Gabriel Josipovici, Whatever Happened to Modernism? New Haven: Yale University Press, 2010.

Reviewed by Jennifer Mitchell

51nu2KcgC2LReading this book over several months was not long enough. I took advantage of the requirement to concentrate this book demands to breathe slowly and allow myself to re read and re read again Josipovici’s carefully crafted phrasing. To take on this book requires a certain appreciation for the historical and persistent presence of modernism in literature and art. Josipovici does not take his readers through a mundane history of modernist literature. Rather, he draws them seductively and skillfully into certain key moments within certain creative struggles by certain writers, and asks them to enjoy with him the particular pleasure, and pain, of uncertainty.

It is the complex and terrible beauty of these moments that, once recognised for their intangibility, assume for Josipovici the essence of the modernist project – or rather, it’s necessary crisis. He strains towards each successive articulation with the same sense of yearning for the words to express the inexpressible employed by the writers whose work he explores. But where modern writers sought to render visible the alienation and suffering of a single character, or of a whole generation, Josipovici seeks to explain why the modernist project was, and is still, the benchmark of worthwhile art.

The uncertainties modernist writers and artists articulated in their work were not easily expressed, nor easily accepted by critics, or, indeed, by the writers themselves. Kafka wrote to Max Brod about his work in 1909: ‘each word, even before letting itself be put down, has to look round on every side’ and ‘the phrases positively fall apart in my hands’ (4). This uncertainty, even fearfulness about expression is partly what gives the works discussed in this book their essentially modernist credentials.

To understand modernism one must understand what came before. The modern is only modern in relation to it’s predecessor. Josipovici quotes Roland Barthes: ‘to be modern is to know that which is not possible anymore’ (139). If one cannot stay still or go back – if history or the loss of certainty or fascism or emptiness of spirit or pain cannot be borne – one must go forward. But into what? What if there is no language for the future? What if the ways words have been arranged in the past no longer fulfill the needs of the present? Then one is silenced. Or one struggles to speak in a new as yet unknown language.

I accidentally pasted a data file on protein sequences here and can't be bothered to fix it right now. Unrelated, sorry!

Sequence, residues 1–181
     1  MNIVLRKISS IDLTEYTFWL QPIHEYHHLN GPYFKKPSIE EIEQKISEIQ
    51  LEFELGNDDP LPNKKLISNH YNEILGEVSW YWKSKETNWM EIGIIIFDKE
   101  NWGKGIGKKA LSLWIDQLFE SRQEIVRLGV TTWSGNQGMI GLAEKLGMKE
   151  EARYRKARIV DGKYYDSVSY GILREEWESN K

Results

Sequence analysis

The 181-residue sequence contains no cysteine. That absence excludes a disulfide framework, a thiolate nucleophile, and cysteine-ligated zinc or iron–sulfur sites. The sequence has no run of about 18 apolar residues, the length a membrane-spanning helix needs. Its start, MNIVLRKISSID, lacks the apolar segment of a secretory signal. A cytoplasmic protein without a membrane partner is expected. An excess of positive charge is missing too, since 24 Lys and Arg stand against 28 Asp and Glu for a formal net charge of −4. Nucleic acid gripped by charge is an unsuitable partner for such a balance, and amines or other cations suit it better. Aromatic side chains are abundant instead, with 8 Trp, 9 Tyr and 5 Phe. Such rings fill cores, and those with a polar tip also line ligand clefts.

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Guilty Pleasure

November 7, 2010

Joyce Carol Oates , A Fair Maiden, New York: Otto Penzler Books, 2010

Reviewed by Gayle McIntyre

5711702You didn’t hear it from me.  I’ll deny that I recommended this adults-only page turner.  What can be so engrossing about a rich, sophisticated, well respected man befriending a young woman at the Jersey shore?  The sex, violence and sinister manipulation that ensue, might be the answer.

Joyce Carol Oates’ 2010 novel A Fair Maiden lures the reader in with a seemingly simple plot of boy meets girl at a summer holiday town.  The charming and handsome Marcus Kidder convinces the young and insecure Katya Spivak that they were destined to meet and be friends.  Unlike the children in her care as a nanny, she has had a harsh childhood and is trying to better herself, distance herself from her alcoholic mother, and desperately wants to be loved.  Receiving the attentions of the local artist and a long-standing member of the privileged society of this seaside resort has boosted her self-esteem considerably.

She sees the way he looks at her tanned legs and young body.  The catch is, he’s four times her age. Is he really interested in her only as a model for his paintings?  He certainly pays her more than she earns as a nanny.

Well, If I started out denying that I would admit to recommending Oates’ new novel, one would surmise that Marcus has more in mind than painting.  But he has more in mind than the obvious. He needs her, and it’s more complicated than sex.  This fair maiden of the title has a role to play in his scripted and planned life.   The exact role she is to play comes as a complete surprise to the reader, and how he gets her to agree to it, is manipulation at its best.  Although disturbing reading at times, I immediately went to the shelves for another novel by this author who has over fifty novels to her credit and counting.